There has been a significant ongoing reduction in the number of new cases of MRSA in the Western Isles since the introduction of the national MRSA Screening Pilot locally – dropping from 122 new cases in 2010, to 66 in 2011 and 24 to date in 2012.
According to the figures available for the first six months of each year (January 1 to June 30), new cases of MRSA in the Western Isles have more than halved since 2010, from 64 new cases, to 24 in 2012.
The positive trend was acknowledged by Board members at a Board meeting last week (Thursday), with the Chair, Neil Galbraith, describing it as ‘very encouraging’.
NHS Western Isles was one of the ‘pathfinder’ Boards involved in the universal screening programme from April 2009. Two years later, NHS Western Isles progressed from universal screening of all MRSA ‘at risk’ patients, to screening using a ‘Clinical Risk Assessment’. The CRA is part of the nursing and admission process that consists of three questions to assess whether the patient has any previous history of MRSA; is currently resident, working or regularly attending a care home or institutional setting, or transferred from another hospital; or if the patient has a wound/ulcer or invasive device which was present before admission to hospital. If the patient is assessed positively against any of the criteria, they will be tested for MRSA.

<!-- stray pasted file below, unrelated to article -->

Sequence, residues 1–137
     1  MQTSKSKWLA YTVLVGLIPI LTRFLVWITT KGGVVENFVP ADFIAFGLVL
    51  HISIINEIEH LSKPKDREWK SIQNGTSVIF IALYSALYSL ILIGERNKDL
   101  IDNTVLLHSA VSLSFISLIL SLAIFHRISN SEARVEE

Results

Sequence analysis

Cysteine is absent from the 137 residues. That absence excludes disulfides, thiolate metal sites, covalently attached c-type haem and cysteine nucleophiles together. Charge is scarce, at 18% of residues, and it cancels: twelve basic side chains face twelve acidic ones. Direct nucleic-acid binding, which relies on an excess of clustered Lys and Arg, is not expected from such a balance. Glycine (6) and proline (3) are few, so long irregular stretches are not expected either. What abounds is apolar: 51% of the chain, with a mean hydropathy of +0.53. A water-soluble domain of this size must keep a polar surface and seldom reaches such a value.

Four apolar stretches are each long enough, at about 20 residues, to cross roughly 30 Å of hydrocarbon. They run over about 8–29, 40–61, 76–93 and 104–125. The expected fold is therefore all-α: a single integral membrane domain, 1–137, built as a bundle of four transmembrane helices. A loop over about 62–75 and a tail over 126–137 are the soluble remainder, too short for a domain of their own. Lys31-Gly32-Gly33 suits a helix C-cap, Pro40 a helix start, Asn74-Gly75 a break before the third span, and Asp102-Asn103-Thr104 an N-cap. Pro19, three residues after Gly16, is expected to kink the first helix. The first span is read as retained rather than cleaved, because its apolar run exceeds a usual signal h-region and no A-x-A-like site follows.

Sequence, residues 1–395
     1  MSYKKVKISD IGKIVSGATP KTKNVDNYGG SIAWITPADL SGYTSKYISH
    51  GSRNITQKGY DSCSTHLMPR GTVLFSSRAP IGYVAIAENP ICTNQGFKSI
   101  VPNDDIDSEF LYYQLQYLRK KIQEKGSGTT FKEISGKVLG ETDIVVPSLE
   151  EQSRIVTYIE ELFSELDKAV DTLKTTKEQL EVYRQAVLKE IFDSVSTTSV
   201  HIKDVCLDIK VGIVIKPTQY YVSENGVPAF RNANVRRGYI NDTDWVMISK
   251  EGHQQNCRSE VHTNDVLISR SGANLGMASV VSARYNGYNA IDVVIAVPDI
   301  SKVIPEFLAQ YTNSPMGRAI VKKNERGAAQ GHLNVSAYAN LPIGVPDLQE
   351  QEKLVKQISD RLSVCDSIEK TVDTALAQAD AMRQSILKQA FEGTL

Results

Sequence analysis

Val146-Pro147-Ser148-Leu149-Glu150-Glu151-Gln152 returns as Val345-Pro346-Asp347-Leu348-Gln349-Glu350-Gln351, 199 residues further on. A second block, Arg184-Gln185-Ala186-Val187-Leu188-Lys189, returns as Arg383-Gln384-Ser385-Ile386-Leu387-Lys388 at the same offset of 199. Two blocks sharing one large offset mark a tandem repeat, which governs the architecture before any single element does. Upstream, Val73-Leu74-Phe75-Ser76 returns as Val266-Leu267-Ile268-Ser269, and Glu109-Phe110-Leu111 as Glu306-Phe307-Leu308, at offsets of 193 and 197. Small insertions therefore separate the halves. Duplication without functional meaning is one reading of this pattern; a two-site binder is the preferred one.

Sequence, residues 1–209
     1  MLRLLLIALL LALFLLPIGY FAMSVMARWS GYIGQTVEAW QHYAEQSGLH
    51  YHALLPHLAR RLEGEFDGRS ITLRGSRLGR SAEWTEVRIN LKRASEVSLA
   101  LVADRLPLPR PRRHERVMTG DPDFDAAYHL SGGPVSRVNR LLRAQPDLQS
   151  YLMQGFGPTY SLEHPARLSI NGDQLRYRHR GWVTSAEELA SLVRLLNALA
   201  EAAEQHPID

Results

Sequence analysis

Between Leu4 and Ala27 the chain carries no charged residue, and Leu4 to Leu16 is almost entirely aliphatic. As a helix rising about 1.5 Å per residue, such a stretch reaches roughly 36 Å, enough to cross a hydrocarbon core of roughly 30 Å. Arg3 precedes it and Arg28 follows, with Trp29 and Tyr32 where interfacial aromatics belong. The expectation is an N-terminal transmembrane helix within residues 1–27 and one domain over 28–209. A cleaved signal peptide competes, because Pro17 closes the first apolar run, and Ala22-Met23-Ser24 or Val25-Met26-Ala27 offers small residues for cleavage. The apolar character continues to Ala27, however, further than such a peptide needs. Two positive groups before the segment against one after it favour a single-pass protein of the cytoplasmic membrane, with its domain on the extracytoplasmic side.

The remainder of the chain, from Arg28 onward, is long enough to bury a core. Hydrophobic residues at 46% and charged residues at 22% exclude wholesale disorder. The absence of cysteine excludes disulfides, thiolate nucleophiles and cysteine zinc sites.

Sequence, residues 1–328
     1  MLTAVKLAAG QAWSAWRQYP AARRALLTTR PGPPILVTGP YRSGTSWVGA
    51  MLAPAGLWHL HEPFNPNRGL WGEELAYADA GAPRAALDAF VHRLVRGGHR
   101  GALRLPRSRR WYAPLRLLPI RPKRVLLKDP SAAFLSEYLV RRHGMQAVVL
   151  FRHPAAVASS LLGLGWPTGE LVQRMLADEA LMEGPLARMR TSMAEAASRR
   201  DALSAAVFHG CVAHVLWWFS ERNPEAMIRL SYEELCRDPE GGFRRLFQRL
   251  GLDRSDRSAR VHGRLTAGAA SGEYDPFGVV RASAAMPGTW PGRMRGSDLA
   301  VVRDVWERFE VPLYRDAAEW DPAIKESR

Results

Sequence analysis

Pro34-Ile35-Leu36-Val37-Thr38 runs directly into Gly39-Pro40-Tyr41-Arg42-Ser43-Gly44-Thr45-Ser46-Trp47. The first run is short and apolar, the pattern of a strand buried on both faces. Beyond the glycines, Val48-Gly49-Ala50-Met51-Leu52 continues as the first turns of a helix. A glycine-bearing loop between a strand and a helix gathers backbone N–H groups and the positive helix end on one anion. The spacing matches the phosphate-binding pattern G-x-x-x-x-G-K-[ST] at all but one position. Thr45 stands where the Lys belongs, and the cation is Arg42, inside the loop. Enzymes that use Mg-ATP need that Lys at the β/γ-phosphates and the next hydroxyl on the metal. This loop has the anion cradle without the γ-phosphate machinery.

Throughout 2011, the CRA has been introduced to Ospadal Uibhist agus Bharraigh in Benbecula, St Brendan’s in Barra and key wards within Western Isles Hospital in Stornoway.
Scottish Government funding of around £216,000, meanwhile, was allocated to NHS Western Isles in 2011/12 to support the rollout of the CRA. A sum was used to support the laboratory department with MRSA screening costs, and a clinical skills instructor was also appointed for clinical practice training.
Other improvements and upgrades introduced as a result of the funding included new maternity delivery beds, new bed tables and patient lockers, new screens and curtains, new Dyson pedestal fans and air blade hand dryers, specimen and drug fridges, and vinyl chairs for patient use.
New cases of MRSA in the Western Isles have dropped considerably as a result of the range of new measures in place, together with the impact of hand hygiene improvements and new measures introduced to prevent Staph aureus Bacteremia.
NHS Western Isles Chief Executive Gordon Jamieson said: “The prevention and control of infection is, and remains, one of our top priorities. Our attention is constantly focussed on this important issue. Staff should take credit for their teamwork in reaching this very good position.”